Nomzamo Landigwe, the Chief Community Operations Officer at Energy Infrastructure Management Services (EIMS), believes that the renewable energy sector has a significant role to play in supporting primary healthcare.
Her portfolio includes nine IPPs, spread across a Western Cape, Northern Cape, Eastern Cape, North West Province, including both solar and wind power utility plants in South Africa.
South Africa’s health systems, especially in outlying areas are often serviced by under-resourced healthcare facilities. Added community screening and testing for the coronavirus, in addition to providing treatment, further strain these facilities.
The role of public-private partnership, especially with the Department of Health, is one way that the impact of disrupted services is being staved off during the COVID-19 lockdowns.
Exclusive interview with Nomzamo Landigwe on renewables and primary healthcare
EIMS is supporting healthcare through various economic development programmes, throughout rural South Africa, positively impacting beneficiary communities. These include:
- Cookhouse Wind Farm’s Primary Healthcare programme and mobile clinic, which supports rural farm workers;
- Matla A Bokona Solar’s School Health Programme, which includes a mobile clinic servicing eleven schools;
- De Wildt Solar’s mobile clinic;
- Zeerust Solar’s Mobile Clinic; and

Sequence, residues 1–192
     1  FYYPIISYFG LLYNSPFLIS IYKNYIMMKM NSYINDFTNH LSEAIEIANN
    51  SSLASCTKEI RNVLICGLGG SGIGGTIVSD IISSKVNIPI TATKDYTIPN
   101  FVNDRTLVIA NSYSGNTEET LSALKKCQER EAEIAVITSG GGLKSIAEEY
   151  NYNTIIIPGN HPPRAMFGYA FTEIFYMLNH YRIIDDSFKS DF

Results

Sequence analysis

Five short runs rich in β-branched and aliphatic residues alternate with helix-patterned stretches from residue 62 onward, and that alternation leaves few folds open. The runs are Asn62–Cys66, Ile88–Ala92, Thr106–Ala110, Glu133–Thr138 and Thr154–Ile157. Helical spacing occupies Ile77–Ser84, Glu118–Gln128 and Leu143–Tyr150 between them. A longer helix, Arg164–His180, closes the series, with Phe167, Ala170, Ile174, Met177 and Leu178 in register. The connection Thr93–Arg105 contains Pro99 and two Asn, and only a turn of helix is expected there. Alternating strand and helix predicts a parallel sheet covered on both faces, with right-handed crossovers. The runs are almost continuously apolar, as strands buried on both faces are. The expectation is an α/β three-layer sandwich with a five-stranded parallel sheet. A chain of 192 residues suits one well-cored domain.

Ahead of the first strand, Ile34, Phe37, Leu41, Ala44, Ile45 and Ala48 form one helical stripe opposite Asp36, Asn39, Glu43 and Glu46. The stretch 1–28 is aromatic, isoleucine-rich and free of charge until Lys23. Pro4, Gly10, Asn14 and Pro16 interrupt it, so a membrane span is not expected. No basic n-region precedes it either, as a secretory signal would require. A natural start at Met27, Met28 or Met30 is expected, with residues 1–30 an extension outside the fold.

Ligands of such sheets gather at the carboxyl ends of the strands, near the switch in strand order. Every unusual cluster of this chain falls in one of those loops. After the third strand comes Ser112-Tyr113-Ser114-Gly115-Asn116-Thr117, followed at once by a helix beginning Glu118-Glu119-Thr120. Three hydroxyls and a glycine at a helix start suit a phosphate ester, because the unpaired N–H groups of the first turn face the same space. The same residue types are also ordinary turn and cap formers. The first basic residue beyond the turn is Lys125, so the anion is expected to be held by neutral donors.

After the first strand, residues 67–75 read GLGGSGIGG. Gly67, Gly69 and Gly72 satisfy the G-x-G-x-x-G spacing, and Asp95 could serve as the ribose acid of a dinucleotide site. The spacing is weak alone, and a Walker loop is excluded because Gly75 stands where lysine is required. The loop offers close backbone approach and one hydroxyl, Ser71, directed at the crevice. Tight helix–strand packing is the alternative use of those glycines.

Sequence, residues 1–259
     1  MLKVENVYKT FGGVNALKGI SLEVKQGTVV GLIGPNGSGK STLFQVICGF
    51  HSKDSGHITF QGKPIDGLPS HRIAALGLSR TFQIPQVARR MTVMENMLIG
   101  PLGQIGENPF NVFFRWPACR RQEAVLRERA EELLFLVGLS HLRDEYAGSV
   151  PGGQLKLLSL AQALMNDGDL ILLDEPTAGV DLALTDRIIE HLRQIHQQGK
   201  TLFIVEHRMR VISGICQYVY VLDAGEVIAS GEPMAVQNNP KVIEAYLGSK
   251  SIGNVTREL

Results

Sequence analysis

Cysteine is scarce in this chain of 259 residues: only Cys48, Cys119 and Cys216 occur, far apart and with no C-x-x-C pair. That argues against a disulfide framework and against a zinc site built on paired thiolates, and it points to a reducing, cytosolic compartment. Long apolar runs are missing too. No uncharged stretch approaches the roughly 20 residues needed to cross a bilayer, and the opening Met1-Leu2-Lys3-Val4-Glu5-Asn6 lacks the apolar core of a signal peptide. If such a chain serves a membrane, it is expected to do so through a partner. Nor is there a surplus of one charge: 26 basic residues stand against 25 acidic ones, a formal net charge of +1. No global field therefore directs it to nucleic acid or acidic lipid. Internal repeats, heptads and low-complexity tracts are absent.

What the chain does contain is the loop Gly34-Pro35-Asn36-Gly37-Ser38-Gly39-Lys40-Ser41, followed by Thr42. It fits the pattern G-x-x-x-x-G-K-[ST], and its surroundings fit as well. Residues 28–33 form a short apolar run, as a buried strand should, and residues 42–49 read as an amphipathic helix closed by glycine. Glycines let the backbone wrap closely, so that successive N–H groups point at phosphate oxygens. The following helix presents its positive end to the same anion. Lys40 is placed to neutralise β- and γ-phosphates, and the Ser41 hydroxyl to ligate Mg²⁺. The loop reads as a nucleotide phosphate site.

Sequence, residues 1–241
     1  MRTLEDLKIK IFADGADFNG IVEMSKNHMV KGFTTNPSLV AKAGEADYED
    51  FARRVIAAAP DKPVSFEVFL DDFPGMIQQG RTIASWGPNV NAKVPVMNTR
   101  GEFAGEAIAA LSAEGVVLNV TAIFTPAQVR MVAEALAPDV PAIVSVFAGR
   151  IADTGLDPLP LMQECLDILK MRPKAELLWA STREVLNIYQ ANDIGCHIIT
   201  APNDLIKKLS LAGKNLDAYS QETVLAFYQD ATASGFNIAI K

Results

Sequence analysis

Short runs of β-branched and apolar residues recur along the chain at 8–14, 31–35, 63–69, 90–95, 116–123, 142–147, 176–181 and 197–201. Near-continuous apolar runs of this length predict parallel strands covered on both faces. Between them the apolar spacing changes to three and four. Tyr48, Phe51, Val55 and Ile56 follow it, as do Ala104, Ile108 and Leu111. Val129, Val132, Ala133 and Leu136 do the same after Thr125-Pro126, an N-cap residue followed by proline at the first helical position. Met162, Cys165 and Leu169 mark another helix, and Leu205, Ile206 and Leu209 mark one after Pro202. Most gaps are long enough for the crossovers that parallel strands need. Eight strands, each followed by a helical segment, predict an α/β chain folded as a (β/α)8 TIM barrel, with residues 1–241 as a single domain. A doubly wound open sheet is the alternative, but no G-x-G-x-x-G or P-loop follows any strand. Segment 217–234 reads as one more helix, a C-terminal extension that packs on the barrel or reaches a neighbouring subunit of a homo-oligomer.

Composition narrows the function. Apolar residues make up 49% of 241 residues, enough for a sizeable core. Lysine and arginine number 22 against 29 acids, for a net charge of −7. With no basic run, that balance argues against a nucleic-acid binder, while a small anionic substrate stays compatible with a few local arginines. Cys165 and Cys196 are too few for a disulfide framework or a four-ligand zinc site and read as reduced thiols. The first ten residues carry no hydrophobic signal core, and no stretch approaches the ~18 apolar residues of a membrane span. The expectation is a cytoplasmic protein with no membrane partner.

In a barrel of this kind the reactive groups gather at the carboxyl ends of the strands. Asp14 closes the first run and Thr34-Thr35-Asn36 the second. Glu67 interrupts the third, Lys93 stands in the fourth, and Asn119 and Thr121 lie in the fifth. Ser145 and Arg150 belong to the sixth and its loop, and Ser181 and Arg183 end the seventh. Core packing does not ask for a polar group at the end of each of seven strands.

- REISA’s established school wellness programme.
Nomzamo, before we delve more into these programmes, let’s chat about your highlights. You entered the renewable energy sector in 2014 when the industry was very new. What made you choose the sector?
The exciting part for me was being part of something new, to be part of pioneering new ways in the socio-economic development sector, as it plays an important role in a transformed South Africa.
The role of public-private partnership, with the Department of Health, is helping to deliver primary healthcare. How do you see your renewable energy projects impacting health services in beneficiary communities in outlying areas?
Our socio-economic development strategy is aligned with the Sustainable Development Goals especially that of Education and Health, we also understand local and national development priorities (NDP). The delivery of these health programmes assists our communities, especially children, in accessing healthcare while at school (no interruption to learning), and a critical human right in these outlying areas.
Cookhouse Wind Farm’s Primary Healthcare programme and mobile clinic are a high impact initiative that supports rural farmworkers in Bedford and Adelaide; as well as healthcare facilities across beneficiary communities. Please tell us about this.
This flagship programme was embarked upon in May 2018, following discussions with the Department of Health in which they requested assistance with a mobile clinic service to 48 farms in Bedford and Adelaide as well as reinforcements to the Home-based Care Programme.